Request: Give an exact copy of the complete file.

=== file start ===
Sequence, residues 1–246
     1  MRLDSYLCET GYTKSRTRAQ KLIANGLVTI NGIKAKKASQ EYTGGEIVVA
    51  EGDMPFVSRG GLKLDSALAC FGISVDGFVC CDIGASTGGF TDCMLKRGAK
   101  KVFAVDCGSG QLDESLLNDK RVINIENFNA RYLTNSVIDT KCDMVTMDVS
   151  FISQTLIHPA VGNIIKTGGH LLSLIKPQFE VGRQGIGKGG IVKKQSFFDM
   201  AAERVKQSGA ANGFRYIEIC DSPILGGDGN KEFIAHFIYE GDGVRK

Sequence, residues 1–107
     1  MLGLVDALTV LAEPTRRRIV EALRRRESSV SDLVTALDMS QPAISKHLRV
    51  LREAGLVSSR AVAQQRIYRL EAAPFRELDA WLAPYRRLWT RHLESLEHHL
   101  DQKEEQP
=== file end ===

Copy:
Sequence, residues 1–246
     1  MRLDSYLCET GYTKSRTRAQ KLIANGLVTI NGIKAKKASQ EYTGGEIVVA
    51  EGDMPFVSRG GLKLDSALAC FGISVDGFVC CDIGASTGGF TDCMLKRGAK
   101  KVFAVDCGSG QLDESLLNDK RVINIENFNA RYLTNSVIDT KCDMVTMDVS
   151  FISQTLIHPA VGNIIKTGGH LLSLIKPQFE VGRQGIGKGG IVKKQSFFDM
   201  AAERVKQSGA ANGFRYIEIC DSPILGGDGN KEFIAHFIYE GDGVRK

Sequence, residues 1–107
     1  MLGLVDALTV LAEPTRRRIV EALRRRESSV SDLVTALDMS QPAISKHLRV
    51  LREAGLVSSR AVAQQRIYRL EAAPFRELDA WLAPYRRLWT RHLESLEHHL
   101  DQKEEQP